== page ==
In writing, the race is not to the swift but to the clear. Clear writing requires clear thinking. This is one reason Rachel and I decided to school our children at home. We all need to write better than we do, and we write more often than we realize. Texts, emails, presentations, thank you cards, and notes for the next meeting all involve writing! We’re all writers, and a little effort goes a long way. Perhaps this is why the New York Times has an article in their “Smarter Living” column entitled: How to Edit Your Own Writing. It’s quite good.
David Mathis (I’m reading a lot of his articles lately) gives a Christian Hedonist’s take on a theology of exercise: “How might it change your exercise routine if you did not exercise for mere weight loss, or long-term health, or improved physical appearance, but you did it to enjoy God more?” Mathis shows capable Christian writing on a subject that has intrigued me for years.
In spite of the cash I spent on Logos Bible Software, I still almost always use Blueletterbible.org when I’m looking up a word or reference in Scripture. It’s free and remarkably easy to use.
My parents have been passionate about organic and sustainable farming for years. I’m usually skeptical, as wary of the organic industry as the ‘Big Agriculture’ its trying to displace. However, it’s hard to argue with fresh eggs and the satisfaction of eating meat and vegetables you nurtured from start to finish. In the interest of being open minded, I read Michael Pollan’s In Defense of Food last month. I enjoyed reading Pollan’s insistence that we make food and nutrition much too complicated. He’s able to argue the nutrition science, if that’s your thing, but he prefers to summarize his book in seven words: Eat Food. Not Too Much. Mostly Plants. I lost three pounds just reading that. Dad, next up is The Omnivore’s Dilemma.
Be Still My Beating Heart!
Finally, Matthew Crawford has a new book coming out in June! Why We Drive: Toward a Philosophy of the Open Road
P.S. Send me any goodies you come across in your travels of the wasteland that is the internet. You can also leave some recommendations in the comments thread.
John Wesley read loads of books riding horseback. 250,000 miles.* Imagine the hours spent in solitary (and bumpy) reading and prayer. My back hurts just thinking about it.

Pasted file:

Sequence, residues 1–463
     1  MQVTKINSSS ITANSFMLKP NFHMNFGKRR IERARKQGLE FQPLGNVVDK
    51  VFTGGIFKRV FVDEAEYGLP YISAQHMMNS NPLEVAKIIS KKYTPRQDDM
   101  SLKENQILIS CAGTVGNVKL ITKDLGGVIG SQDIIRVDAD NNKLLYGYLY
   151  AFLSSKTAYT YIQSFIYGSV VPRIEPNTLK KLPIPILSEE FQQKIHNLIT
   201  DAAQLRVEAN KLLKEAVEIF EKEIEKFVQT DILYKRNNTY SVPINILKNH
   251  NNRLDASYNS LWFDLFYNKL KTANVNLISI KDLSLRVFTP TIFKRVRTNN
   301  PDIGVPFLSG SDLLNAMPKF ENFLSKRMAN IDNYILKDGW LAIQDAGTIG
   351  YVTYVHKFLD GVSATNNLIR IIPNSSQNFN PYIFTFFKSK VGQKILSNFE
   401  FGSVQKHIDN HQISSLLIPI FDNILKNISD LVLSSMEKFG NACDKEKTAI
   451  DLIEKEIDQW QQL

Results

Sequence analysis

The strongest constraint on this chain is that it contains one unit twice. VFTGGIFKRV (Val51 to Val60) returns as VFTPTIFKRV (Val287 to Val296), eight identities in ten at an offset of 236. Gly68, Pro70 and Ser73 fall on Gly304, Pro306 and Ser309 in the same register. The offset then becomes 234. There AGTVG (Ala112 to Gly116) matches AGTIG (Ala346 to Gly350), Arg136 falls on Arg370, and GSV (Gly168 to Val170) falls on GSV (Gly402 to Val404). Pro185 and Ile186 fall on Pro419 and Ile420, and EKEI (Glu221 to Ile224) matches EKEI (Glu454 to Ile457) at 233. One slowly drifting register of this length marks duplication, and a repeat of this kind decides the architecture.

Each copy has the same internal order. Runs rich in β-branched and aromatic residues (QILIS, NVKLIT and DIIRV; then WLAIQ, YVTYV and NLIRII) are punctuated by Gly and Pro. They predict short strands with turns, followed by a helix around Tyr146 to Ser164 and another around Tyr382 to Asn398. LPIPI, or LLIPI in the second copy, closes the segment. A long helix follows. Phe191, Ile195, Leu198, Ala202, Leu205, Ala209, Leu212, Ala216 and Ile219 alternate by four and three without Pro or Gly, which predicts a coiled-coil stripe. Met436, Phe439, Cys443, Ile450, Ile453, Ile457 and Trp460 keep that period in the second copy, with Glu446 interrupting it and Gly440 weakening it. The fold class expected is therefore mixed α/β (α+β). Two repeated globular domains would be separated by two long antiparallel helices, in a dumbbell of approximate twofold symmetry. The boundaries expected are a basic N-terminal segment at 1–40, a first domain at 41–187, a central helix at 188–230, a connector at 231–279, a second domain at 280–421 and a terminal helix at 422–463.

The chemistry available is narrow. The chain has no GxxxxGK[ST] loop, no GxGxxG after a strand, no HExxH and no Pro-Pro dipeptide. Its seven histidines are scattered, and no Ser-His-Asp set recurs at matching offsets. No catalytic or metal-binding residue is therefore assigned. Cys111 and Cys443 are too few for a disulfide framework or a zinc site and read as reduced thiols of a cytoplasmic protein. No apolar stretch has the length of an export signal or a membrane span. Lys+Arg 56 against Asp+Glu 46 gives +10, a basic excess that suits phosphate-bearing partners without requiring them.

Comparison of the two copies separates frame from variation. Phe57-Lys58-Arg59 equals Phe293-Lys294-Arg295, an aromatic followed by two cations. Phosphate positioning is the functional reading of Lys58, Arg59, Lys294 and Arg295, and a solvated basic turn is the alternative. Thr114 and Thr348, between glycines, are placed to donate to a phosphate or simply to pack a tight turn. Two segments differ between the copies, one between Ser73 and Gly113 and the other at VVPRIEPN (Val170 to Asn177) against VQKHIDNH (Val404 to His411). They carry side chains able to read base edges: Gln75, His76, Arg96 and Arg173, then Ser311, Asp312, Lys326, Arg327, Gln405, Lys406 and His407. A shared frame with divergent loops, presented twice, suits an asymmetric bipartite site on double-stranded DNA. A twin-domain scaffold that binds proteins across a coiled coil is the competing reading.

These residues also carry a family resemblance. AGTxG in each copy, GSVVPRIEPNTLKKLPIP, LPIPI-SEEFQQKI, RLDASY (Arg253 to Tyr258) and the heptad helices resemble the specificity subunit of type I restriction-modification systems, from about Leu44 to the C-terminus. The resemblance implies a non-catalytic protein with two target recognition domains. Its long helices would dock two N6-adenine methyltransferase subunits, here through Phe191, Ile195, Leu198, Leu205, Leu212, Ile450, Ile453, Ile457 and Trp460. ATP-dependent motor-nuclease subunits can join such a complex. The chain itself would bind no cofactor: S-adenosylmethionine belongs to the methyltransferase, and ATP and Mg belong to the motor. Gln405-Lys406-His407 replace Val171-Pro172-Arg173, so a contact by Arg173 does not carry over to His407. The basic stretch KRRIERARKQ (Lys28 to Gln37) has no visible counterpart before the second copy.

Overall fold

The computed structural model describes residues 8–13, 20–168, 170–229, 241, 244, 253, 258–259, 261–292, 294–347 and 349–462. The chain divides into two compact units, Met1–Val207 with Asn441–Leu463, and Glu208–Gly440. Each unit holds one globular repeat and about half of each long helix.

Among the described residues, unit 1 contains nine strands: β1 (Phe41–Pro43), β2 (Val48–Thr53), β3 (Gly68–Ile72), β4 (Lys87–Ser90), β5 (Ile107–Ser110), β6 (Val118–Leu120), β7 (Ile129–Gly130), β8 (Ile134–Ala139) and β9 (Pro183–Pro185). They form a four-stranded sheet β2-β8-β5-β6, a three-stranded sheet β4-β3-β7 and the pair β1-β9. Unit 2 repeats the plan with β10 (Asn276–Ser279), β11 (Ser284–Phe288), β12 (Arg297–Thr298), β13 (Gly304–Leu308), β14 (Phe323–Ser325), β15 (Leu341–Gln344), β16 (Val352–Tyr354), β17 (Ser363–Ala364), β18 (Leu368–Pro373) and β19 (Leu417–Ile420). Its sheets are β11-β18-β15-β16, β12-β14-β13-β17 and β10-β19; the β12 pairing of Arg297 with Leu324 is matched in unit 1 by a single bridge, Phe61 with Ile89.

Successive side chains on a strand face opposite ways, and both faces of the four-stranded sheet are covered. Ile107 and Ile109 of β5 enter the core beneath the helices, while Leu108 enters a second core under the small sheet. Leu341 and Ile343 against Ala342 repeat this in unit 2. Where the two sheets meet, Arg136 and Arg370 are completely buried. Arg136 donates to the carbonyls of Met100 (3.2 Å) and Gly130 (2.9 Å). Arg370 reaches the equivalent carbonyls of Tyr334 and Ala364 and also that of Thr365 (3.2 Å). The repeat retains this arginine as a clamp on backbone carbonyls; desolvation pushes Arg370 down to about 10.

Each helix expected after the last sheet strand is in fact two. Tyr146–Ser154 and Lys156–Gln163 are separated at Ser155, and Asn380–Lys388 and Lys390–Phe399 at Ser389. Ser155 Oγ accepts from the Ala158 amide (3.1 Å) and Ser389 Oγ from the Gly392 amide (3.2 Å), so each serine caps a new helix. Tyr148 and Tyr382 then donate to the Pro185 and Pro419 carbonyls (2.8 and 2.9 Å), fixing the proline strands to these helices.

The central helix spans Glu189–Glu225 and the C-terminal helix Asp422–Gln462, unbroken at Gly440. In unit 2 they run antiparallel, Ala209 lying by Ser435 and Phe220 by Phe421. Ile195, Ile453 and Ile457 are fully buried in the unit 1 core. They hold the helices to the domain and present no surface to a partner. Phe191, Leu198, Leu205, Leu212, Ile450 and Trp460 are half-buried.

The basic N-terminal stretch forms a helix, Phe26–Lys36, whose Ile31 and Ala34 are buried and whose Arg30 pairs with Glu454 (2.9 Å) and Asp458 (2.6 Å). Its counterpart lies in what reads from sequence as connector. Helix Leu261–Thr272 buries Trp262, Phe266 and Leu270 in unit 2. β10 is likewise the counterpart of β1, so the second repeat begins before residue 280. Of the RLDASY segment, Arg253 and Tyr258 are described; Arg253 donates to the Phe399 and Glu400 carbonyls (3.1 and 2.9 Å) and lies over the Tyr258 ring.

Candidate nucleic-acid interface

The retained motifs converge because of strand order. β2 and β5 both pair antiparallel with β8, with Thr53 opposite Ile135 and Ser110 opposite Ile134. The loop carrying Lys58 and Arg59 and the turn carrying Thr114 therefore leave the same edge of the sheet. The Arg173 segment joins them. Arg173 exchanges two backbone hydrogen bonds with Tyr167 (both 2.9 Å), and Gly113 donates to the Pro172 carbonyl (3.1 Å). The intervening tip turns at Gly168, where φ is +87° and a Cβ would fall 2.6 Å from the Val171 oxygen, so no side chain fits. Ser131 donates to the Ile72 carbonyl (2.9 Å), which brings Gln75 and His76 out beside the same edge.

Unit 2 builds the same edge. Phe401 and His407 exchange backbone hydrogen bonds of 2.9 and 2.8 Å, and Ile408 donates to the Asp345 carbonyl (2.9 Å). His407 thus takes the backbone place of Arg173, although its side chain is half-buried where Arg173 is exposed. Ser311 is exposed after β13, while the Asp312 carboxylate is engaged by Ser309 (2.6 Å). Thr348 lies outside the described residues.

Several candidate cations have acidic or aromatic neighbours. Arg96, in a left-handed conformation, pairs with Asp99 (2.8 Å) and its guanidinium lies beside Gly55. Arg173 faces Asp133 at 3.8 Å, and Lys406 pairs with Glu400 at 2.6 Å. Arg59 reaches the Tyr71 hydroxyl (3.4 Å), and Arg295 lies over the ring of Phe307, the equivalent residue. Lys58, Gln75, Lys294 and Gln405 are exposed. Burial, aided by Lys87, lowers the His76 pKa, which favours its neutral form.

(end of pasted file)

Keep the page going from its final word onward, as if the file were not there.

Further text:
Why all the effort? Wesley explained in a letter to a pastor why he should be reading more and how he could do it:
What has exceedingly hurt you in time past, nay, and I fear to this day, is want of reading.
I scarce ever knew a preacher read so little. And perhaps by neglecting it you have lost the taste for it. Hence your talent in preaching does not increase. It is just the same as it was seven years ago. It is lively, but not deep; there is little variety; there is no compass of thought.
Reading only can supply this, with meditation and daily prayer. You wrong yourself greatly by omitting this. You can never be a deep preacher without it any more than a thorough Christian. O begin! Fix some part of every day for private exercises. You may acquire the taste which you have not; what is tedious at first will afterwards be pleasant.
Whether you like it or no, read and pray daily. It is for your life; there is no other way: else you will be a trifler all your days, and a pretty, superficial preacher. Do justice to your own soul; give it time and means to grow. Do not starve yourself any longer. Take up your cross, and be a Christian altogether. Then will all the children of God rejoice (not grieve) over you, and in particular Yours, &c.
~ John Wesley in a letter to John Tremboth, August 17th, 1760
Wesley explains why he should read- who wants to be pretty and superficial? He also shows how to get there- meditation and daily prayer.
Your reading will stick with you if you think and pray over it. Sticky reading reciprocally makes you a better reader and a clear-headed thinker. Do that twenty minutes every day for three years and you’ll be a different person. Reading is the gateway to mental depth and focus that we all wish for in our age of distraction. Read to learn, read to think, read to pray- it is for your life!
*Oakes, Edward T. (2004). “John Wesley: A Biography”. First Things.